[management by God] overcoming the odds

Written by Dan King

Christ-follower. husband. father. author of the unlikely missionary: from pew-warmer to poverty-fighter. co-author of activist faith: from him and for him. director of family ministry at st. edward's episcopal church. president of fistbump media, llc.

December 2, 2010


If I could sum up what I am about to share with you in one word, that would be it. Believe.

I had the pleasure of being the Teacher Coordinator with my church’s Vacation Bible School, a week-long program for kids aged 4-12. While I was in charge of teaching them some very valuable lessons, I also learned several.

One of the most important was the message that I got to share with the kids on faith. In short, we discussed Thomas, the disciple of Jesus that doubted the resurrection unless he could actually see Jesus for himself, including the holes in His hands. Silly man…

Anyway, as I prayed and prepared for this lesson on the importance of believing in God even though we can’t see Him, I felt that there was an important message in the story of Gideon.

Once Gideon had his army dwindled down to a mere 300 men, and was preparing to go up against 120,000 Midianites, he still had his doubts. I think most of can relate to Gideon and why he doubted. When we’re up against overwhelming odds, it’s difficult to see how you’ll overcome those odds.

In the book of Judges, God told Gideon to check things out. When he did, he overheard some Midianites talking about a dream about Gideon’s success. THEN, finally Gideon believed that he could do what he was being asked to do.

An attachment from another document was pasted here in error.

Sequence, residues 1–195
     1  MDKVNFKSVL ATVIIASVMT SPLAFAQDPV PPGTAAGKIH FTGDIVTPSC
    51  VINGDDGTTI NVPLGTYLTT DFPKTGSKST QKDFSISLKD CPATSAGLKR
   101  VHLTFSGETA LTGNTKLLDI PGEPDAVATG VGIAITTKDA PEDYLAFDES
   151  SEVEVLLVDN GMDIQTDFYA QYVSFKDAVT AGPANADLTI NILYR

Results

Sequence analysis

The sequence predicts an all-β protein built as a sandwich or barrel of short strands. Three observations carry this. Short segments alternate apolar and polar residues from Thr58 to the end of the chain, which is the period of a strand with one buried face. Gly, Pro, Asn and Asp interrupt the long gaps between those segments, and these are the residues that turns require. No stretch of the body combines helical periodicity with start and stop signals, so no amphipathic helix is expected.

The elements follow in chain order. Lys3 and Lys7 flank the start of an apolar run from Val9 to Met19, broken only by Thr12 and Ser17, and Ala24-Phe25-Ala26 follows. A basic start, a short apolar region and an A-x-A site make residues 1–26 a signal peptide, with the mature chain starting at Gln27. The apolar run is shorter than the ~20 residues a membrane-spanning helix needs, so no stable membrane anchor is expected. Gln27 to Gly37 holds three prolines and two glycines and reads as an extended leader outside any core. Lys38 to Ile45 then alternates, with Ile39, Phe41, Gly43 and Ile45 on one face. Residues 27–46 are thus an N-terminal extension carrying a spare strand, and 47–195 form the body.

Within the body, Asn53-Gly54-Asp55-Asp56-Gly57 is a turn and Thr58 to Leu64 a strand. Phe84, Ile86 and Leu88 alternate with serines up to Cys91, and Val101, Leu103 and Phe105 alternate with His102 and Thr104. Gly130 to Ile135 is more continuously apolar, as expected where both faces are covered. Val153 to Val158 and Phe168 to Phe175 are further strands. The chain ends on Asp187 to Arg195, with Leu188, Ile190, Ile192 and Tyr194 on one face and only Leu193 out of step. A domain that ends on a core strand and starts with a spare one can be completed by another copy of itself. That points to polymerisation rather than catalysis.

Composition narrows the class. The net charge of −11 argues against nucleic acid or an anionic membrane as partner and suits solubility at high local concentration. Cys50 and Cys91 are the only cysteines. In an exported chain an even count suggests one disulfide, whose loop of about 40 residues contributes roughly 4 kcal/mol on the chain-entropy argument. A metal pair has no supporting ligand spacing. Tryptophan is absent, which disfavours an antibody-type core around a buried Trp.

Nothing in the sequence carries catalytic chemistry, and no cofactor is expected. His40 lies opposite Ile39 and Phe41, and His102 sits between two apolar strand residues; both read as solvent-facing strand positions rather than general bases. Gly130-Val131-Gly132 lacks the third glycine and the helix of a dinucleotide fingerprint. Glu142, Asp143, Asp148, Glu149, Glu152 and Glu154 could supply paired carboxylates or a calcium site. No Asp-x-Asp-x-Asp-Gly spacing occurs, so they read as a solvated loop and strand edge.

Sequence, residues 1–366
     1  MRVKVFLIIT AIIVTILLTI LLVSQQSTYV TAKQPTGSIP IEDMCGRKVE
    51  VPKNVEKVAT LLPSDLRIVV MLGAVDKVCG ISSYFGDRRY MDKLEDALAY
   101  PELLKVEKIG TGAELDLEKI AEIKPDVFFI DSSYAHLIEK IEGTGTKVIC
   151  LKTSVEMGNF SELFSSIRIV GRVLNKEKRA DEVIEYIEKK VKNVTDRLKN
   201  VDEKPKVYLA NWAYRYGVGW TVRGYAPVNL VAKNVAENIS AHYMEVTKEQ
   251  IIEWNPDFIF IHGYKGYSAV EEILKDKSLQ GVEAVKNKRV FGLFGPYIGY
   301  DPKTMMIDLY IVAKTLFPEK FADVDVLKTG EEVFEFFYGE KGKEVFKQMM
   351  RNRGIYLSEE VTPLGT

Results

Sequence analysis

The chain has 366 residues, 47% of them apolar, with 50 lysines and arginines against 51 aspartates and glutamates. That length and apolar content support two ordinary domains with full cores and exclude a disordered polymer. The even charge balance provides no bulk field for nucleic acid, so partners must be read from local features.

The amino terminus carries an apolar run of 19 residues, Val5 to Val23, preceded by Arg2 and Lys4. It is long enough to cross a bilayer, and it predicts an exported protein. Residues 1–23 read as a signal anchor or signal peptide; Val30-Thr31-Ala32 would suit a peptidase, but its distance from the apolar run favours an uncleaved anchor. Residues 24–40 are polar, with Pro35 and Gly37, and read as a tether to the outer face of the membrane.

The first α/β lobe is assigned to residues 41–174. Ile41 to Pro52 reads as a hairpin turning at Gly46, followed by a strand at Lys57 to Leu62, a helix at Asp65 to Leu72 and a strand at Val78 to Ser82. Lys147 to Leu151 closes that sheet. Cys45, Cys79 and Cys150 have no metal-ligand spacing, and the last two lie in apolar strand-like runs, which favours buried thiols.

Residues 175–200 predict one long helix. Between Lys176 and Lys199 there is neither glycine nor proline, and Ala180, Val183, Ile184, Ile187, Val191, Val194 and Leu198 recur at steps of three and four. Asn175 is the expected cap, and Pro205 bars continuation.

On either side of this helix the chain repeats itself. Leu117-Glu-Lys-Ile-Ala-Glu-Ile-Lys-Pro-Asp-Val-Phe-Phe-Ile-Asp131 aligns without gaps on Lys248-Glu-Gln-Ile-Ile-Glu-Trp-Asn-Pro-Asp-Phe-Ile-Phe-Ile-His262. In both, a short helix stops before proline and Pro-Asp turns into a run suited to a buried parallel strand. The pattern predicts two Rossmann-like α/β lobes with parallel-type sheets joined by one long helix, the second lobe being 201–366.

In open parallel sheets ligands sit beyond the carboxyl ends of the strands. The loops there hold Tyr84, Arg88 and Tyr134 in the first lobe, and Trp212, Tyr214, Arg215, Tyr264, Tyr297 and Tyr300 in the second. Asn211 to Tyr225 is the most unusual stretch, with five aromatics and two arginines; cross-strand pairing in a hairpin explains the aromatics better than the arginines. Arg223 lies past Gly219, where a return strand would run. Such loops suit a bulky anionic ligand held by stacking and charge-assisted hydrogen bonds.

From this, there are three things that I see as keys to successfully overcoming the odds:

1. Obedience
The entire account of Gideon hinges on his obedience to God’s calling. He certainly tested it to make sure that it was God’s will, but he never would’ve been in a situation to overcome the odds unless he was willing to simply do what he was told to do.

2. Faith in God
This is a trust thing. Gideon had to trust the integrity of God’s character, and that He was going to do what He said He would do. Gideon certainly had to take a leap of faith here, but he trusted that once he did, God would take care of what he couldn’t do under his own power.

3. Faith in yourself
Often we underestimate what we’re able to do. But God put everything in us that we need. This doesn’t mean that we can accomplish everything that’s in our will. But it does mean that we can do whatever is in His will. This means that if we’re in tune with what God wants us to be doing, then there’s nothing that we can’t overcome.

Make your workplace a house of prayer. I’m not talking about the big, overstated kind of prayer that will make other people feel uncomfortable. What I’m talking about is making conversation with God throughout your day a BIG priority. The more in tune you’re with Him, the more likely you are to overcome the obstacles that come your way.

See more from the management by God series!


  1. Bradleyjmoore

    I think “being in tune” is the most important thing. That’s when we see opportunities show up!

    • @bibledude

      That’s so right… Gideon was in tune with God, and it’s a great example for us in the workplace. I mean seriously dude… you’ve got to REALLY be in tune with God in order to do the crazy stuff that he did…

      Thanks for sharing your thoughts Bradley! It’s always great to get a visit from the camel!


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[management by God] overcoming the odds

by Dan King time to read: 2 min